I use the female-female adapter from cpustuff.com, and a sata-eSata cable to bring it outside, very similar to your mod. Then from eSata I use an external (aluminum) Stardom eSata\USB enclosure. It functions similarly to yours that when put to sleep\standby and shutdown the harddisk will spindown properly, and vice versa when woken up.

    Just that one problem with rebooting…

  • ex2bot Says:

    Great hack! I just bought a mini for my HDTV, refurbished prev. model for ~400 USD.

    Can’t wait to play with it.

    I also own a MacBook Pro and an old G4 iMac.

    Bot
    Mac Fanbot

  • D.B. Summ Says:

    The thing I like most about my Mac is it just works… unlike my PC. I guess paying a premium for good hardware and software is worth it.

  • Justin Says:

    Could you use this cable in place of the clipped board connector? ]]

    http://www.cooldrives.com/sacaexsa7sic.html

    Curious but inexperienced when it comes to this.

    Thanks in advance

  • Lara Boons Says:

    I think it’s possible. Just saw those little hooks away and try. The problem will be locking the connector in place. It glides easy on but also from the board. Lara

  • leandro Says:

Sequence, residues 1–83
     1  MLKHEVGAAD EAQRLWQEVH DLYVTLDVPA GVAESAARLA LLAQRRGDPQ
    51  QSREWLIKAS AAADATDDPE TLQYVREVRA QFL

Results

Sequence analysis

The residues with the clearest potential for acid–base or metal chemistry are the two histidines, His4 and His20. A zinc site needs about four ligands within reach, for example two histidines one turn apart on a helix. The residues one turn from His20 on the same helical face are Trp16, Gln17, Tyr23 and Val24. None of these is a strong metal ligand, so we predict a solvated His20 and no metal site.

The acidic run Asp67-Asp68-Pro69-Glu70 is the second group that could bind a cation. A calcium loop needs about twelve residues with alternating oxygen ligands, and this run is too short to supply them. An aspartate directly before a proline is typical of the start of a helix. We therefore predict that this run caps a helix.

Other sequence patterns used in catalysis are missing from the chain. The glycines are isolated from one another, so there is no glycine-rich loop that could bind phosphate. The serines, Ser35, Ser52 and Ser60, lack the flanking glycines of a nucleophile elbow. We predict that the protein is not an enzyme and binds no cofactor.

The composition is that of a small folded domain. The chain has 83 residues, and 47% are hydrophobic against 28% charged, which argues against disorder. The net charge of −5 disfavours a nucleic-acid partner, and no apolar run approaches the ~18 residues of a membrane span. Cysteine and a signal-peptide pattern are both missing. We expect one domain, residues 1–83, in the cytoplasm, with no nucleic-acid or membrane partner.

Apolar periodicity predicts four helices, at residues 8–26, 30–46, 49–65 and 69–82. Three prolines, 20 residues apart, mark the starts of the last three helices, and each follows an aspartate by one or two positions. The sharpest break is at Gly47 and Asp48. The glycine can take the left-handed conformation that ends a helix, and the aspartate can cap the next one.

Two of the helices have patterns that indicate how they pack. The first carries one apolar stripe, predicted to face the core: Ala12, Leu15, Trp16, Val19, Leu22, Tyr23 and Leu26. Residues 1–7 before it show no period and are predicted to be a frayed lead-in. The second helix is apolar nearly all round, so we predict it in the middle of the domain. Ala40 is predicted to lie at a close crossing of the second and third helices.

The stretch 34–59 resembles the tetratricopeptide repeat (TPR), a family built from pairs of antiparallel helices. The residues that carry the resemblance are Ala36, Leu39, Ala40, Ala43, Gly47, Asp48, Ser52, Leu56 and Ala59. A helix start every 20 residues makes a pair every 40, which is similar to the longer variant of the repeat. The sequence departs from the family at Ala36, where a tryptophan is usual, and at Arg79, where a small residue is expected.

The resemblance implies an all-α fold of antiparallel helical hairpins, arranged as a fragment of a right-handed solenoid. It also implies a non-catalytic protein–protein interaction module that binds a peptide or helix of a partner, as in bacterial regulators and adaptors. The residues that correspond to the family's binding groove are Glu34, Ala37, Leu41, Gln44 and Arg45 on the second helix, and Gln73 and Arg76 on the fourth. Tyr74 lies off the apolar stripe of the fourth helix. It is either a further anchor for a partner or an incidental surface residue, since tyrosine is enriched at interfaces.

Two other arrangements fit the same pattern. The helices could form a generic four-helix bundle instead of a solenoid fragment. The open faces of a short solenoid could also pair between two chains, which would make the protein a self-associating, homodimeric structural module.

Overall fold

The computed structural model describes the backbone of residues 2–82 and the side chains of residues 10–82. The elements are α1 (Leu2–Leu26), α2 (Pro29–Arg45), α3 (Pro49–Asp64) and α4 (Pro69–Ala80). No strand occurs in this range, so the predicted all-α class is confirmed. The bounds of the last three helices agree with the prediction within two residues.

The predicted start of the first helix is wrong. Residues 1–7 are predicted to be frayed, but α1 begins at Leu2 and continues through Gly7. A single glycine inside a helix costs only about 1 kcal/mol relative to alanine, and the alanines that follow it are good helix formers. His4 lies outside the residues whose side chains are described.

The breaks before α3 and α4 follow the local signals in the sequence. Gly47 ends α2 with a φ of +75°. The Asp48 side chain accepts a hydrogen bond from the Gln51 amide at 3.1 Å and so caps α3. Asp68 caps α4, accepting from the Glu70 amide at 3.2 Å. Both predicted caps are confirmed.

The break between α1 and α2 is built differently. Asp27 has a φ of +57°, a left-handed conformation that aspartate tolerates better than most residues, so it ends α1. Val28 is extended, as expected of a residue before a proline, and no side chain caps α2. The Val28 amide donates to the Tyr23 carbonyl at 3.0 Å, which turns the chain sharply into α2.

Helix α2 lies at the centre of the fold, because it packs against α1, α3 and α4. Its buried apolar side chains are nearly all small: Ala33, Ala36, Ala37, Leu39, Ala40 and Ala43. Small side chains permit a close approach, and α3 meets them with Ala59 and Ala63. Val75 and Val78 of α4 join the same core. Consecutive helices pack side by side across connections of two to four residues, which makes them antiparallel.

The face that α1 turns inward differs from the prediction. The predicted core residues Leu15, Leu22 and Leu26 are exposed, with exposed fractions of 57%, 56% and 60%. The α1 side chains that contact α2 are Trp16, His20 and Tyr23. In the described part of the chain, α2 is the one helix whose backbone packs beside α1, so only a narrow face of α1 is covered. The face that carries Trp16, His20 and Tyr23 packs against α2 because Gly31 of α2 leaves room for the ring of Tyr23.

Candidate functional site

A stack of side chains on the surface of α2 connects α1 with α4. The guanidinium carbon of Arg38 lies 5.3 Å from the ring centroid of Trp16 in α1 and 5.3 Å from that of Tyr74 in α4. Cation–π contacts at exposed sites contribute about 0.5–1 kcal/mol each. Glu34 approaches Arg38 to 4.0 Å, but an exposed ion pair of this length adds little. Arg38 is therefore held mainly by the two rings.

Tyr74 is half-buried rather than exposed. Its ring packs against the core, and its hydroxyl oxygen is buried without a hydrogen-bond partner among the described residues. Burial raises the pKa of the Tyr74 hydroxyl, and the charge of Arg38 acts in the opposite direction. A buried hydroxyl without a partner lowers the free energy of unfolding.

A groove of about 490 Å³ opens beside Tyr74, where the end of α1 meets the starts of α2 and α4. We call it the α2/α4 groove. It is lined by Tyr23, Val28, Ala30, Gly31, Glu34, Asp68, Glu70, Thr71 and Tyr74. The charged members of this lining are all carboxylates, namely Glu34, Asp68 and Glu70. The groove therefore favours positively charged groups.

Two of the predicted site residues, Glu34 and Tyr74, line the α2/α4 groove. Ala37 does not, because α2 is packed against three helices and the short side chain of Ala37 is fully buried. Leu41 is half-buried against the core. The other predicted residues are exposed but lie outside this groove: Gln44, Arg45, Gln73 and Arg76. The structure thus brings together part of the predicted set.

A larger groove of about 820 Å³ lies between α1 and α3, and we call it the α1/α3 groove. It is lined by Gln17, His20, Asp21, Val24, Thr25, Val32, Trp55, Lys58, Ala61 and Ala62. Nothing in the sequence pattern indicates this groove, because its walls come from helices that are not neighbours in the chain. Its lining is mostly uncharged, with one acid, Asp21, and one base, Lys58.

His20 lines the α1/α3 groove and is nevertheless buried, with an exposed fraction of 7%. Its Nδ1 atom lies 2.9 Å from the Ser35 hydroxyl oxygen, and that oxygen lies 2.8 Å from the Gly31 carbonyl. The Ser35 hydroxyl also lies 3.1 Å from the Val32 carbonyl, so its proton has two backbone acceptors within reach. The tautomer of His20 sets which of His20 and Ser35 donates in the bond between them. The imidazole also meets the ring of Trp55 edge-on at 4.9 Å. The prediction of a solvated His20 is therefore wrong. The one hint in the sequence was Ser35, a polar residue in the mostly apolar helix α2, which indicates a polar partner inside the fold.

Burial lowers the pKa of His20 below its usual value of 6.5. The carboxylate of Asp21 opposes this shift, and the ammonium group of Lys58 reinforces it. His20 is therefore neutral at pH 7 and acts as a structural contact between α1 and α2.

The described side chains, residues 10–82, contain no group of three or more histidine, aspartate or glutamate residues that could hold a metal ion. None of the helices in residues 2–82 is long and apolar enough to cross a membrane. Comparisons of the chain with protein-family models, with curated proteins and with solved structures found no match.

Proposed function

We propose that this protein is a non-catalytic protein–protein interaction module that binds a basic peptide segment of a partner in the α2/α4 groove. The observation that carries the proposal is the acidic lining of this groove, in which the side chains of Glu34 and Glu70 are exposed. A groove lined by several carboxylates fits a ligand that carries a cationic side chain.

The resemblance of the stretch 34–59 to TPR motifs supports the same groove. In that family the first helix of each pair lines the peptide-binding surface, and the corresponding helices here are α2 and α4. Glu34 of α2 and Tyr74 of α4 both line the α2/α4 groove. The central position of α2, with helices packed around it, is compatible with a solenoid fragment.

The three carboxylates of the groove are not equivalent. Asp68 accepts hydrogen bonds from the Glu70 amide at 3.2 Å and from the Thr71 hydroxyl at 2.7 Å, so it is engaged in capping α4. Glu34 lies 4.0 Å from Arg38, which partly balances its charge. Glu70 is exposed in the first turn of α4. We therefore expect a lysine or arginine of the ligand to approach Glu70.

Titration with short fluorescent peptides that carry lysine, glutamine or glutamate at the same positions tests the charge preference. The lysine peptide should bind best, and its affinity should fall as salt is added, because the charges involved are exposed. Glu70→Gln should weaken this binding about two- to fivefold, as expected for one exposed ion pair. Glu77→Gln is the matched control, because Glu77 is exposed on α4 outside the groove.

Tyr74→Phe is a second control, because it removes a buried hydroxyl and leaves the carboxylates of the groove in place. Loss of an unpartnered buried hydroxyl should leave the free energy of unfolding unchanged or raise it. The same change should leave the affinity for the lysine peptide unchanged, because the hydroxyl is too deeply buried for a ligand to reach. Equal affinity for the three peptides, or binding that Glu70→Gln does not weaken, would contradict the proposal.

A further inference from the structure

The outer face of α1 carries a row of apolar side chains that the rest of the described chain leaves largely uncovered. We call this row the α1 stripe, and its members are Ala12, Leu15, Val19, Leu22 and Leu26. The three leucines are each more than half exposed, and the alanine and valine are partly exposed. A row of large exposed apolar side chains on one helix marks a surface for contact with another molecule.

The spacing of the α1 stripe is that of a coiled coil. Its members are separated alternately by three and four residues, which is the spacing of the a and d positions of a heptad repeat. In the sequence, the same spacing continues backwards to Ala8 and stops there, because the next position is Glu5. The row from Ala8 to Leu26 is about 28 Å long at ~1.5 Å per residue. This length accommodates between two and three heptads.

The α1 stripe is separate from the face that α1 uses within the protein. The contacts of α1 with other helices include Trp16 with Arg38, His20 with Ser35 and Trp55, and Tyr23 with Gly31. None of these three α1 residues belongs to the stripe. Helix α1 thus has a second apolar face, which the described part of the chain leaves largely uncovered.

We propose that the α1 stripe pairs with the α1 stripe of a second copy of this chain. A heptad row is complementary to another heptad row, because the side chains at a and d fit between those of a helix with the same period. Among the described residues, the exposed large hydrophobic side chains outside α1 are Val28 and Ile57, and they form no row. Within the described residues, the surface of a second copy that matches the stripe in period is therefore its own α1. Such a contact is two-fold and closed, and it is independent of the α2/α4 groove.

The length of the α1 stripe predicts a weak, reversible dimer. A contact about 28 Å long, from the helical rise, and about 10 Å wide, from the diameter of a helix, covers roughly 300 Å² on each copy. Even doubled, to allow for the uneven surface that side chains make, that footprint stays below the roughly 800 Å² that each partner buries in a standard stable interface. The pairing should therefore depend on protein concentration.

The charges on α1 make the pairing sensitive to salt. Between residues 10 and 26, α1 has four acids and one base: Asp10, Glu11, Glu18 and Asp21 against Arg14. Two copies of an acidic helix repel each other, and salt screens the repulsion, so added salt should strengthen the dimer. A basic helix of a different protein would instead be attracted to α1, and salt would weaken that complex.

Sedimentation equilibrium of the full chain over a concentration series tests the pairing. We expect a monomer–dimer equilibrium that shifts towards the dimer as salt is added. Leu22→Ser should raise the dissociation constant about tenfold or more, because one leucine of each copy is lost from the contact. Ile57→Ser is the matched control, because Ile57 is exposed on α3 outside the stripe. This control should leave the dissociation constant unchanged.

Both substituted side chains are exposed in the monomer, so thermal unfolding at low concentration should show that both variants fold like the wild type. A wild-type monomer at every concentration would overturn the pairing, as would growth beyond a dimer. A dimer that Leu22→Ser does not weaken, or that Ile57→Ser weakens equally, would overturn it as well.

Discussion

very good! it’s very easy. i think that a mod like this it’s harder. thanks.

    muito bom! isso é facil eu achei q uma modificação como essa fosse mais dificil

  • Jay Kullmann Says:

    We still Sell the Bracket if anyone need to do the Mod.
    http://www.pccables.com/01652.html

  • Isaac Says:

    Nice tut, i’ve followed this mod on my 2007 24 inch C2D iMac running on a dual bay Raid 0 stripping (stardom SOHOTank) with 2 x WD black cavier HD and it show amazing Read Write speed. =D

  • Jeremy Says:

    Any idea where to source replacement connectors e.g. for the power button, fan temp connector, and LED indicator? I’m building my Mini into a disused G5 Tower case, and extending those cables (without destroying the originals) is the only thing keeping me from a stock look and function.

    Also, I have found a great SATA M-F cable at DX that does what I need in place of the M-M board that doesn’t seem to be available anymore. http://www.dealextreme.com/p/sata-7-pin-male-to-female-extension-cable-1m-14062

  • Thoughts on the 2011 Mac Mini | Apple Knacks Says:

    [...] If you don’t need the speed, you could always RAID together a pair of the 1.0TB drives, giving you a total of 2.0TB inside the Mini (which is still faster than single stock 5200/5400rpm drive, since they’re striped) for $240.  And of course, if you need security, you could do a mirrored RAID 1 array for safety, such as for a file server.  Bottom line – plenty of options without needing to go to an external solution or resort to hardware hacks like in the days of running SATA ports through a hole in the chassis. [...]

  • Anders Says:

    Hi!

    Does anyone know if the ATA controller card supports port multiplication?

    I need to attach an external hard drive rack, but if the Mini’s controller card cannot handle port multiplication, I will have to use another computer.

    Thanks in advance.

  • damage hack Says:

    damage hack…

    [...]The Mac Mini external SATA hack | Katastrophos.net Blog[...]…